Former President Bill Clinton was advised not to speak with the BBC about the tsunami tragedy by several staffers, according to one knowledgeable source. Clinton was told to coordinate with the White House and the Bush Administration, but chose not to.
"He just went and did his own thing," says a former staffer. "There haven't been many times when he has wanted to make a public appearance like this, but given the world attention and the criticism of Bush, he couldn't help himself. Classic Clinton."
The Bush Administration has been taking a public relations pummeling from the press for perceived lack of attention to the tragedy that has taken more than 100,000 lives. The Administration's initial $15 million aid package was bumped up by $20 million on Tuesday, after both Germany and France pledged similar amounts. According to the Clinton staffer, both German Chancellor Gerhard Schroeder and French President Jacques Chirac have attempted to speak to the ex-President in the past 72 hours.
"Their aid packages were pledged after they saw the immediate response from the United States," says a Bush administration State Department source. "They never asked us about coordinating. They saw what we committed and one-upped us."
As for Clinton, he has at his disposal -- or at least with a phone call to friends, such as Microsoft's Bill Gates -- access to more than $75 million in private funds intended for philanthropic use. But Clinton's charities have thus far not pledged a cent to aid those suffering due to the cataclysmic flooding, nor has he attempted to coordinate any private giving for the victims of the tsunami.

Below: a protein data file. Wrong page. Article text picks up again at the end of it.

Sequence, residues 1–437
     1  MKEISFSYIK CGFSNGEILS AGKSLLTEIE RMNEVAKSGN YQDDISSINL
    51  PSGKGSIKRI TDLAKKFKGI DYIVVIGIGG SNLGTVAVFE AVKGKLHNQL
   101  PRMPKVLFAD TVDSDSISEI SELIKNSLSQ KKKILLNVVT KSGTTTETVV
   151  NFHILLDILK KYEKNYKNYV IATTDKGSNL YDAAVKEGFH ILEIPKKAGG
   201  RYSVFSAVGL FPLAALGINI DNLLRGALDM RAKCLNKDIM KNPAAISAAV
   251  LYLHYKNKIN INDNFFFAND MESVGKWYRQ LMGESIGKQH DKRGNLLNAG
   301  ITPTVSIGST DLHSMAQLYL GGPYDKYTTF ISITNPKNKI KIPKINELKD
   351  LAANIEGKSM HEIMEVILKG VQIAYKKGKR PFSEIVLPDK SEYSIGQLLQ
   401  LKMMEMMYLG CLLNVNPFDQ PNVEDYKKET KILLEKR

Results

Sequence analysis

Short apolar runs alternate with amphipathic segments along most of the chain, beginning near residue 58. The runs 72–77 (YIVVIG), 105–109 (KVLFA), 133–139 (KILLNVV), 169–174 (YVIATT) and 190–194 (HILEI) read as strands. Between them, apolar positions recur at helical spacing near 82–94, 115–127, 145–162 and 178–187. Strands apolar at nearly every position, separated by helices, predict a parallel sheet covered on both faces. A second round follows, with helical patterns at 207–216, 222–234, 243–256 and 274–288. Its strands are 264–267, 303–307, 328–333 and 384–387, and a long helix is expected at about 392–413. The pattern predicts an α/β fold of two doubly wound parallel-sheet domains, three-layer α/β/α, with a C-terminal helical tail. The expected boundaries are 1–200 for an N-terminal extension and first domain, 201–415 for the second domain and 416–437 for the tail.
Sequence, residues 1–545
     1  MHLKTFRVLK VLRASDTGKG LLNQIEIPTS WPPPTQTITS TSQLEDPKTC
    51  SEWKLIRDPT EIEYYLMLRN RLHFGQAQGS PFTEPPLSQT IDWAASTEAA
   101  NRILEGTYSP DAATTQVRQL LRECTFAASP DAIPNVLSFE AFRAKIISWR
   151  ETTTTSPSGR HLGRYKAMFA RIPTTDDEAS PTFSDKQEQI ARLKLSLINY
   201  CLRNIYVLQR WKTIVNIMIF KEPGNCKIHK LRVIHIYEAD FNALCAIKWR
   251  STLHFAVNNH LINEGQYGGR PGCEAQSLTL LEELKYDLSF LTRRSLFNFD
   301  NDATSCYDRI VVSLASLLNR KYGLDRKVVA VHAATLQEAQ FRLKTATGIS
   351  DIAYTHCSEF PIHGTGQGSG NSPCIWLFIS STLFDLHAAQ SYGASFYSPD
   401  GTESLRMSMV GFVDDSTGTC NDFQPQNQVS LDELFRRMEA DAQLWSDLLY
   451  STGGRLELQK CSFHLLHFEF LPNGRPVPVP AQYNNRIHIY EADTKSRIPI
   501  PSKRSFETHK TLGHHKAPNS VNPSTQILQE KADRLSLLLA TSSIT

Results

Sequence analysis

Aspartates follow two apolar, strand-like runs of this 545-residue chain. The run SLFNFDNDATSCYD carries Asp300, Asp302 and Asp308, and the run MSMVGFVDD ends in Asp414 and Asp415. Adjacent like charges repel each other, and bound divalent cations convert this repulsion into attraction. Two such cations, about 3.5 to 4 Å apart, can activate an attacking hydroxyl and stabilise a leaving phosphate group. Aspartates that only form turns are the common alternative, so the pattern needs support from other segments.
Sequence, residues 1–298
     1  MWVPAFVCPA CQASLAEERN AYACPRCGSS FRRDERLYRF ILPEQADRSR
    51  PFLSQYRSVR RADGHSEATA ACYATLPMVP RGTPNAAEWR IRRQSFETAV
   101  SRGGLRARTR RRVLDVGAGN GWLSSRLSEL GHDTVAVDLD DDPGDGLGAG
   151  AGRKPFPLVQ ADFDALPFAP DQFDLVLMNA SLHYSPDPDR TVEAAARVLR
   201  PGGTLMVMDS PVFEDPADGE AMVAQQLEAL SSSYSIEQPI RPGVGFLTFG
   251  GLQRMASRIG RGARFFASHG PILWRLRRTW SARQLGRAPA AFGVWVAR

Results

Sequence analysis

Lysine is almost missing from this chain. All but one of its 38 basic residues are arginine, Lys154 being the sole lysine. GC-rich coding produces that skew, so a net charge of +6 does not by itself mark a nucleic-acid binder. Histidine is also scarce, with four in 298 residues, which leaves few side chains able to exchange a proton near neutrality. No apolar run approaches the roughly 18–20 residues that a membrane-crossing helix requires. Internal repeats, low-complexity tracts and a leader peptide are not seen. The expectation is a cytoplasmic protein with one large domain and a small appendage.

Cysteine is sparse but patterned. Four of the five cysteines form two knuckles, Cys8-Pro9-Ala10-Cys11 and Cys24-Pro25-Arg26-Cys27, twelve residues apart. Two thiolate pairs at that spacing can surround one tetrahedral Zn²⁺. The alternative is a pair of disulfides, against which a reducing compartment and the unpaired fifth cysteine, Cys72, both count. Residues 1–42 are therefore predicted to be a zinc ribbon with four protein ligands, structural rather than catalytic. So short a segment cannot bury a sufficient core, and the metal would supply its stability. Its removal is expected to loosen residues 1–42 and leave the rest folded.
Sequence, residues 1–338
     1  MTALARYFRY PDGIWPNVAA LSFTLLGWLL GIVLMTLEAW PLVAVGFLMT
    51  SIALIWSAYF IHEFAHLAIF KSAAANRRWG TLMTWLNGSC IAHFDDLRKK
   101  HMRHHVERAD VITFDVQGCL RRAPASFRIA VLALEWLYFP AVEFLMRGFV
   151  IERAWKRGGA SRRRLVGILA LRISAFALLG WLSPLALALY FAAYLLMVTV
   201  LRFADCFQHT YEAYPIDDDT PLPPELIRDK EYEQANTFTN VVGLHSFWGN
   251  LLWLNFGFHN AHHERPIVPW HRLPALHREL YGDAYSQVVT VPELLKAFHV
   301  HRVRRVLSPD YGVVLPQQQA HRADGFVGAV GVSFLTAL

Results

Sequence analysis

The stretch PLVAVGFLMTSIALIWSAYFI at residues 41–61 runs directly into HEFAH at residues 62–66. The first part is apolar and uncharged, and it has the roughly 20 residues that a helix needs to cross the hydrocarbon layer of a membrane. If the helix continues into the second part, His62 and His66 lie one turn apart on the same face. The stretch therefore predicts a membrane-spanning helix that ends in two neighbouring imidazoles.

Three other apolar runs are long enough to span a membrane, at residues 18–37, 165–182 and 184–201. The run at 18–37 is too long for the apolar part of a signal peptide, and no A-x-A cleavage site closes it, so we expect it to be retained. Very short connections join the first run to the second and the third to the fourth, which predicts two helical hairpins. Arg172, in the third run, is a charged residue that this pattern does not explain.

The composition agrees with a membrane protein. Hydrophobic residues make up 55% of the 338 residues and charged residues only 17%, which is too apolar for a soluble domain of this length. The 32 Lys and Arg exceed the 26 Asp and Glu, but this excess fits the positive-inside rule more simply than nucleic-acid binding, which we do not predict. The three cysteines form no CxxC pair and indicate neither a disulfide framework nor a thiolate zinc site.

TOUGH SLEDDING AHEAD
The White House is steeling itself for a bruising confirmation battle in the Senate Judiciary Committee over the nomination of Attorney General designate Alberto Gonzales.
A month ago, White House legislative affairs and transition staff were predicting a choppy set of hearings, with some dust-ups for the current White House Counsel. But as time has elapsed, there is growing concern that with new revelations of prisoner abuses in Iraq and in military holding facilities elsewhere, and with Democrats in the Senate looking to score points with the public, the Gonzales hearings may be rougher than initially thought.
The nominee has been keeping a low profile, prepping for the hearings almost constantly over the past six weeks, though doing so from his offices at the White House. Gonzales was thought to be one of the easier confirmation hearings by the Bush administration, but now they are putting the Gonzales hearings on a par with those of Secretary of State designate Condoleezza Rice.
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